Truly, a Book of Incredible Joy

It’s not often that you pick up a book that immediately rockets to the top of your all-time favorite list. In fact, by definition, this will probably only happen a few times in a long life of earnest reading. The Book of Joy is that good!

For a start, who could resist the front-cover image of His Holiness the 14th Dalai Lama, and Archbishop Emeritus Desmond Tutu, peering with characteristic humor into each other’s faces? The image promised a celebration of life, with the confluence of two ancient religions and the tangible interlocked humanity of these two immense spiritual leaders.

This would always be a personal journey for me.

I grew up under apartheid in the old South Africa. I was confirmed into the Anglican faith by Bishop Desmond. This ritual has the holy leader placing his hands on the head of the young Christian who kneels at his feet. Tutu is a diminutive physical figure, yet I remember clearly the immense power that seemed to flow through his mighty hands. Later, I fought against the evil of apartheid, a tiny soldier in the just army that liberated our people and restored democracy. He was our peaceful, loving leader, whose strident, relentless voice and bold actions helped clear the way for the return of our great general, Nelson Mandela.

At the same time, I have a deep reverence for the gentle, yet mighty Dalai Lama, largely unrecognized by his birth name Tenzin Gyatsu, who has inspired his persecuted nation for over 50 years while exiled in neighboring India. His deep human relevance transcends the political and human rights tragedy he has survived in his native Tibet. His universal wisdom, tangibly contrasted by his powerful humility, serves as a beacon for all of us, regardless of faith or background.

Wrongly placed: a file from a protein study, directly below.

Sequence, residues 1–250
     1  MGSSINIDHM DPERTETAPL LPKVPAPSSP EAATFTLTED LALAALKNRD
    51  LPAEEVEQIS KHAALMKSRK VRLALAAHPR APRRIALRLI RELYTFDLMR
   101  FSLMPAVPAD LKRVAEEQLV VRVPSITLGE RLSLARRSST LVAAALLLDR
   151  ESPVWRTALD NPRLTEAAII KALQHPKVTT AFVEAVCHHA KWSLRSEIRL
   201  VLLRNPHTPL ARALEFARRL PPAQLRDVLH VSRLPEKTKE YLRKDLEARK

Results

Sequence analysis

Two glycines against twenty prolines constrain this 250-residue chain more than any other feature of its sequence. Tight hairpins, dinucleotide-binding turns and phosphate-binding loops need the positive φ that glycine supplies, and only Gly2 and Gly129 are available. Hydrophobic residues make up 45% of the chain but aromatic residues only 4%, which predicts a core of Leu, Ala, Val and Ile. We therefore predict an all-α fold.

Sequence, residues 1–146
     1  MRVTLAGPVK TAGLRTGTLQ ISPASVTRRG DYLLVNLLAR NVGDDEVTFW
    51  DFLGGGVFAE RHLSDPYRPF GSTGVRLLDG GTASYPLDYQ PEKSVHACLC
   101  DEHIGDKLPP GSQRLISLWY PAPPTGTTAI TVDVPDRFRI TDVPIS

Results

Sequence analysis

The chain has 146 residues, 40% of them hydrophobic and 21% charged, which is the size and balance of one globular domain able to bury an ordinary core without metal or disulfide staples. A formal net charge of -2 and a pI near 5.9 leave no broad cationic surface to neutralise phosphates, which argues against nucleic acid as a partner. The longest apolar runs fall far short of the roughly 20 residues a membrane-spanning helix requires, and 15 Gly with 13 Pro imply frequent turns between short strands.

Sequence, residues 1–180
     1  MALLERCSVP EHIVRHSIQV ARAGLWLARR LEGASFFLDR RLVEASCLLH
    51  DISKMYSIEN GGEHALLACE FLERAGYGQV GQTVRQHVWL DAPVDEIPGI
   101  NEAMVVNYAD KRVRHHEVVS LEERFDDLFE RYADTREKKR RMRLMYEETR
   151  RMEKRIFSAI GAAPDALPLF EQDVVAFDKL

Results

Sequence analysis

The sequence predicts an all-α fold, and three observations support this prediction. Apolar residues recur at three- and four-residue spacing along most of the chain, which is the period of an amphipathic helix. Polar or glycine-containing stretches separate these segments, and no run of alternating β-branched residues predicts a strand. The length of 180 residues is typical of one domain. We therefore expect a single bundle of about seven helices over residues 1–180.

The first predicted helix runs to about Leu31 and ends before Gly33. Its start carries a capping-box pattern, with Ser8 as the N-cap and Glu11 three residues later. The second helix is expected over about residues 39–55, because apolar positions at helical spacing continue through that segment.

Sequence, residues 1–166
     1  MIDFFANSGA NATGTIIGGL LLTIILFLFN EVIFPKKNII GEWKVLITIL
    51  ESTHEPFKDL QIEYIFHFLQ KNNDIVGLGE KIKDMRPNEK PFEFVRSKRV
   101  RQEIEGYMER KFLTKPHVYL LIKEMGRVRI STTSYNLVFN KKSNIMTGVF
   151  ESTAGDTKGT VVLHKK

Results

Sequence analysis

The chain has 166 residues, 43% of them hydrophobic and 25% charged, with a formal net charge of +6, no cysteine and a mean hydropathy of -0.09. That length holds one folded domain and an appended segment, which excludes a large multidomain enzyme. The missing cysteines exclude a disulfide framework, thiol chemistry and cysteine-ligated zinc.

My only apprehension … how could anyone, even the extraordinarily talented Douglas Abrams, coordinate a literary work that did justice to this once-in-a-lifetime event? With masterful literary leadership, Abrams all but disappears in understated humility as he allows the lights of the Dalai Lama and Desmond Tutu to brightly shine.

The Book of Joy is a mission of love to bring the best thinking of two of the current world’s spiritual greats into our hearts, heads and hands. The narrative is cleverly woven around the week-long meeting between the two in the Dalai Lama’s home in Dharamsala, India. We, the spectator, can engage both in the meeting of two close friends, and in their profound spiritual discussion. This makes it both an easy read, and a deep personal journey. I will keep this book close, to revisit the numerous lessons that are too weighty to digest in a single sitting.

The subject of the dialogue is Joy. Not brief, transient happiness, but profound lasting Joy. Both men have endured incredible suffering, both personally, and through the oppression of their people. By any standards, Joy that breaks through these extreme hardships must be the real thing.

Abrams neatly steers the conversation into a logical intellectual framework. We first explore the nature of Joy, before delving more deeply into specific obstacles to Joy, and then exploring the 8 Pillars of Joy. After its poignant conclusion, we find practical exercises based on the habits of the two clerics to help us embrace Joy in our own lives.